SOURCE: The Energy Mix
DATE: November 23, 2018
SNIP: Newfoundland and Labrador has no hope of cleaning up from its worst-ever oil spill, after stormy waters off the east coast broke up at least two ocean oil sheens to the point that 250,000 litres of toxic material can no longer be recovered.
The spill “happened on Friday morning while Husky Energy’s SeaRose platform was preparing to restart production during a fierce storm that was, at the time, the most intense in the world,” The Canadian Press reports. By Monday and Tuesday, the oil was no longer visible on the ocean surface, and the Canada-Newfoundland and Labrador Offshore Petroleum Board (CNLOPB) had shifted its attention to monitoring wildlife and investigating the incident. Husky said it had found 15 oiled seabirds so far, but biologists were watching out for a much heavier toll.
“Absolutely, any regulatory agency would look at the track record of a company in a case like this, and this will certainly be no exception,” he told CBC. “In this case, the volume of the discharge is significant, and the history of the company, and the fact that it did happen during a severe weather occurrence.”
But the Sierra Club Canada Foundation is already pointing to the spill as evidence that “this country is not prepared to handle a major oil spill and is lax in regulating its offshore industry,” iPolitics reports.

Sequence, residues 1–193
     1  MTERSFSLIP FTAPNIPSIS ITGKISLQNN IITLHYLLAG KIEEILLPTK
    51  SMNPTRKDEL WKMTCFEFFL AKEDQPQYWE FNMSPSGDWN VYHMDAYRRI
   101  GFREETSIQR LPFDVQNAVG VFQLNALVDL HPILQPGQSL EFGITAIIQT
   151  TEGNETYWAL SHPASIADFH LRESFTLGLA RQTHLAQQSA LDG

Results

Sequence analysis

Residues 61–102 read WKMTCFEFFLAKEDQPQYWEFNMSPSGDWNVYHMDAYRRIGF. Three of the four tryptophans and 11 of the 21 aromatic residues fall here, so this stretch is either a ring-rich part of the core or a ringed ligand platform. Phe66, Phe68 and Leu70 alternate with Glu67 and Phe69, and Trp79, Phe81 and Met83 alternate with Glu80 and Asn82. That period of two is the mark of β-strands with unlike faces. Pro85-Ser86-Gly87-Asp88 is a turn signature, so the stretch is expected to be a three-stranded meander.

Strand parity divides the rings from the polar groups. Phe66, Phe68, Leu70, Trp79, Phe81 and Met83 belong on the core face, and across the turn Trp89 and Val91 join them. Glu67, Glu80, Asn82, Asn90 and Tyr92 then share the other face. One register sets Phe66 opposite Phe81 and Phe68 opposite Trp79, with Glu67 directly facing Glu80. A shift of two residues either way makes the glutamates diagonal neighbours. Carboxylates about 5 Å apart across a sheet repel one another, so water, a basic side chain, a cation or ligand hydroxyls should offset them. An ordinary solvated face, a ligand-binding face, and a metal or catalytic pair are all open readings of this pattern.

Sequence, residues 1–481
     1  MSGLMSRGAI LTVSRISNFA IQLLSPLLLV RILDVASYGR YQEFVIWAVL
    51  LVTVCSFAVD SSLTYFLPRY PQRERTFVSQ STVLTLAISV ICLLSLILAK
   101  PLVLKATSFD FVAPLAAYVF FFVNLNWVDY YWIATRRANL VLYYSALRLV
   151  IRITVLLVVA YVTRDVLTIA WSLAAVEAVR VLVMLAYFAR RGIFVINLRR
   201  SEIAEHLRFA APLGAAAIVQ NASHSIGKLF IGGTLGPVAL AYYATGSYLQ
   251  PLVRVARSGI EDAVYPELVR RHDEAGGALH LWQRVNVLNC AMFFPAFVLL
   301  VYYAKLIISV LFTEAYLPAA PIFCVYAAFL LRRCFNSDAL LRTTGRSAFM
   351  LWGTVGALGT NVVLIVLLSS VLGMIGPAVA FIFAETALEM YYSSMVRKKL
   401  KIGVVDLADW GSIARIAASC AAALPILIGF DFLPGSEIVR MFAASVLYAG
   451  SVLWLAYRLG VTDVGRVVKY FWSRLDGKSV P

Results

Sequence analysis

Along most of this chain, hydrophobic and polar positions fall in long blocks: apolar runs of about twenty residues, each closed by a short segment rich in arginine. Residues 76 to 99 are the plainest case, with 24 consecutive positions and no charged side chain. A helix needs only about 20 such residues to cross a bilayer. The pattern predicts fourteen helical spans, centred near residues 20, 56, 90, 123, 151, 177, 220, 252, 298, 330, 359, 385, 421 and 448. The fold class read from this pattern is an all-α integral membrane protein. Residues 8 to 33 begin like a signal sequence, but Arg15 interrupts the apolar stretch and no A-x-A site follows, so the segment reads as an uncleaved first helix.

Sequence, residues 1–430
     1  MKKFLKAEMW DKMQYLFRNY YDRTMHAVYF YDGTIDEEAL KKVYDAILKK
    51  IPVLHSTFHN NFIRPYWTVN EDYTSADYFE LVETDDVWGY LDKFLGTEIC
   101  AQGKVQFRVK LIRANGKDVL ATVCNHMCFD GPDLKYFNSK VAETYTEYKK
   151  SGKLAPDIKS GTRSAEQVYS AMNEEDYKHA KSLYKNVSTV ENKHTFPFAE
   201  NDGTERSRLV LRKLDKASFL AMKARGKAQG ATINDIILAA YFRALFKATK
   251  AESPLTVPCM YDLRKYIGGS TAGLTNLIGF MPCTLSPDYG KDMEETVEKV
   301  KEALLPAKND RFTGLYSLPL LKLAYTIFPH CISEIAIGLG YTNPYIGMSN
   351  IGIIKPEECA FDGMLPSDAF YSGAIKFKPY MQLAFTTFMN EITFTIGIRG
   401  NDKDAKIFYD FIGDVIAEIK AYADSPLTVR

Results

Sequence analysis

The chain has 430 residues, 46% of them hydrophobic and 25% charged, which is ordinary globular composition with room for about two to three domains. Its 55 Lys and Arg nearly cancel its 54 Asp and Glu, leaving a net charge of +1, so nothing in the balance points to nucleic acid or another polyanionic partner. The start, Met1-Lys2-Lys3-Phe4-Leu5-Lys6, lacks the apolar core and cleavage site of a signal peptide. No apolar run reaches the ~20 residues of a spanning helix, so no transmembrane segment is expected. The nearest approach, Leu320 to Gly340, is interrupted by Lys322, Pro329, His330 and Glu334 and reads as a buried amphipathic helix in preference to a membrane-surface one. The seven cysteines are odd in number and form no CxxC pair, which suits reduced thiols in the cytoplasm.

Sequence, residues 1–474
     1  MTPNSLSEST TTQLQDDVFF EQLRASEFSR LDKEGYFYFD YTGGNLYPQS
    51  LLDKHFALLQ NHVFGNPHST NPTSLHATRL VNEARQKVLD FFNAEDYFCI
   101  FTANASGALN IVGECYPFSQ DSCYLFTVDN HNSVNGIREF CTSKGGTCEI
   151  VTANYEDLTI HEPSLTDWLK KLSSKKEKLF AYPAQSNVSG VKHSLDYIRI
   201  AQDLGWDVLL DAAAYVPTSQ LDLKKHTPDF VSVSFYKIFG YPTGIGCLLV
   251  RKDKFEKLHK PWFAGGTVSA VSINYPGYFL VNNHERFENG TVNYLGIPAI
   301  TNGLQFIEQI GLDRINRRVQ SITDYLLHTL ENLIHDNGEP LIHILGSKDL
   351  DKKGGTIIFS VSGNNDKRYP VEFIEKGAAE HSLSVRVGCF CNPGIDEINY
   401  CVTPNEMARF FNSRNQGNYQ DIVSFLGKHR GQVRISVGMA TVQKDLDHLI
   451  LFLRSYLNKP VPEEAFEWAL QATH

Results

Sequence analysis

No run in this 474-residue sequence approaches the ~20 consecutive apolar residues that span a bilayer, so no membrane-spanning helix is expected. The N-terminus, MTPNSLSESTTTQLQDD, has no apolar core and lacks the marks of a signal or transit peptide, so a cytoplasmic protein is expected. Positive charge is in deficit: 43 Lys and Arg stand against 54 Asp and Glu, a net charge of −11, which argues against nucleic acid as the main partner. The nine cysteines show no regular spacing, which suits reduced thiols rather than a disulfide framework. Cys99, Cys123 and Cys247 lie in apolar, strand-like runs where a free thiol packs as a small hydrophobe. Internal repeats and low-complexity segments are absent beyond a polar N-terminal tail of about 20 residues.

“Husky is reporting they are unable to confirm the extent of the spill, never mind try and clean it up—a virtually impossible task in seven-metre seas,” said National Program Director Gretchen Fitzgerald.
“The fact that they have found oiled birds means that there’s probably a lot more oiled birds out there,” said York University seabird biologist Gail Fraser, who noted that “millions” migrate to the region from the Arctic at this time of year.
“The conditions were terrible, and that makes it a challenge to get good estimates of how many seabirds might be killed.”
Jones noted that the problem is more complicated than simply washing an oiled bird, since even a “single drop” of oil is enough to “lethally damage” a dovekie.
“My guess is it means there’s a horrendous number of dead birds out there,” he told CBC. “They’ll die an agonizing death, even if they get exposed to a tiny amount of oil.”